As I mentioned earlier, Reformation Sunday just occurred. Although I knew there would be some who would herald it as a great day to remember, it’s still amazing to me that on the Sydney Anglican Archdiocese website they can so readily publish an article with the following quotes: (Don’t Let the Reformation Become History, by Phillip Jensen)
Claiming that the gospel had been lost completely is a huge claim, and one for which I am yet to see real evidence for, particularly that the Reformed conception of the gospel is the one preached by the early Church. Behind all of the article is the implicit blame laid on the Catholic Church for all the “problems”, although it isn’t mentioned.
While the Reformation involved political movements, nationalism and even warfare, it was at heart a spiritual and theological reform of people and churches. The gospel had become lost over the centuries of European history.Corrupted by power, the church no longer preached Christ with clarity.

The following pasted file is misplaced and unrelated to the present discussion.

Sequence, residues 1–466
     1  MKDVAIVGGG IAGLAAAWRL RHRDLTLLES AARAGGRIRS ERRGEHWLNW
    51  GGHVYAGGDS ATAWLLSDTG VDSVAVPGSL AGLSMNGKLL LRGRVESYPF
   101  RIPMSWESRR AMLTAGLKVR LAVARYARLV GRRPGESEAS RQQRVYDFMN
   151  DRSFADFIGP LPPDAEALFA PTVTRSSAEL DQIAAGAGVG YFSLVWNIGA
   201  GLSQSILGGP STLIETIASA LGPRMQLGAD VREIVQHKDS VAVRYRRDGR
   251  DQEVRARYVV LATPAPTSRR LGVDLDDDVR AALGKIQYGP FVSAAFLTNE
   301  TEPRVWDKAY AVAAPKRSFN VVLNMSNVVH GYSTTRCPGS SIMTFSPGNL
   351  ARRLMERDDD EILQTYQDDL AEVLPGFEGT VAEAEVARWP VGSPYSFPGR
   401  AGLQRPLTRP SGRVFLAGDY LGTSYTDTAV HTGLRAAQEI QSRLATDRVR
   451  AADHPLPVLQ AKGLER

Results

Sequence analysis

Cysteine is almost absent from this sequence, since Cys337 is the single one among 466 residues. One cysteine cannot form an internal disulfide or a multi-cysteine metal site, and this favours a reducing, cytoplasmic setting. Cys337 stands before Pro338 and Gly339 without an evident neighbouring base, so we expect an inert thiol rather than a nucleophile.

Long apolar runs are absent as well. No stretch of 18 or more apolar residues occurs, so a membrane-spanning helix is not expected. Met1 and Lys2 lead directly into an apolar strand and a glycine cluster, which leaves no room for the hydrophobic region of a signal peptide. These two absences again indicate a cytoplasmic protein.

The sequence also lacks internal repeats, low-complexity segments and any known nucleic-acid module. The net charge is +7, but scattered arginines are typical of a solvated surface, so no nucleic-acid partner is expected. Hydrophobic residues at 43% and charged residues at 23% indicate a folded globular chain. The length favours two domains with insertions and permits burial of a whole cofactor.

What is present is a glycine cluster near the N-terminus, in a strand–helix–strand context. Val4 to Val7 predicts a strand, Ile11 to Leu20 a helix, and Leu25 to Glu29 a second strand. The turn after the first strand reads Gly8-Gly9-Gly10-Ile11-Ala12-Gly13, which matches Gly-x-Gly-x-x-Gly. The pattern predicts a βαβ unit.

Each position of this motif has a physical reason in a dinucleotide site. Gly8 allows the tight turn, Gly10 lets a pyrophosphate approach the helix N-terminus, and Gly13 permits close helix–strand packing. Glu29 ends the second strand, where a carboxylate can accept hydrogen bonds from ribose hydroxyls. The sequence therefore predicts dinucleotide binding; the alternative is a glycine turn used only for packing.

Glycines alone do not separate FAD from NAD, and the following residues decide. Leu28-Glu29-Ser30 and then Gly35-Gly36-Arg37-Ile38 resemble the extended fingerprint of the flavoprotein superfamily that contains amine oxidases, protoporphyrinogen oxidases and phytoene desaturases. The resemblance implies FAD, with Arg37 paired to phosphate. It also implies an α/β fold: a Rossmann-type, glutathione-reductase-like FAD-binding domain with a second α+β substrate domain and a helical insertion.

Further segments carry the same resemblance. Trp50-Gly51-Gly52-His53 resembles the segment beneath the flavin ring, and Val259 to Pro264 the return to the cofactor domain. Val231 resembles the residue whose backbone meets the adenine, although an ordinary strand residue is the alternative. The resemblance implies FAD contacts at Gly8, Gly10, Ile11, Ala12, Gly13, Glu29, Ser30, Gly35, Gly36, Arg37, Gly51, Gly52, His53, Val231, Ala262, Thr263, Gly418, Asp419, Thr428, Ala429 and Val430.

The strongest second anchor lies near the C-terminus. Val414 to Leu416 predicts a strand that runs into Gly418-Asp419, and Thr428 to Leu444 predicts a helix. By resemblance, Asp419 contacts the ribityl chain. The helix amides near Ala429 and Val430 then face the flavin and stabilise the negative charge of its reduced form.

The Reformers returned to preaching five great themes: Scripture alone; faith alone; grace alone; Christ alone; and Glory to God alone. The emphasis on “alone” was the removal of the many church traditions that had come to obscure the gospel.
Even a brief perusal of an understanding of Sacred Tradition and “small-t” traditions would reveal that they did not, and do not, in fact obscure the gospel.
It was one of the struggles of the Reformation to establish the freedom of the Christian’s conscience.
I’m not sure what this even means, but it sounds like another “oppressive Church” claim. The irony is that many of the Reformers’ doctrines actually did away with free will.
The Reformation did more than reform the abuses of organized religion. It was a recovery of the gospel that transformed the very nature of the church.
Again, reference to the “recovery” of a “lost” gospel. Also a dig at any kind of “organised” religion as inherently bad.
Through the work of Martin Luther, Ulrich Zwingli, John Calvin and many more, the great doctrines of salvation were once more hammered out and explained to the people. Their hymns and prayers, books and translations taught their own and subsequent generations the great doctrines of God’s grace in saving us through the death and resurrection of His Son, and of the Spirit’s work in regenerating us to repent and put our faith solely in him.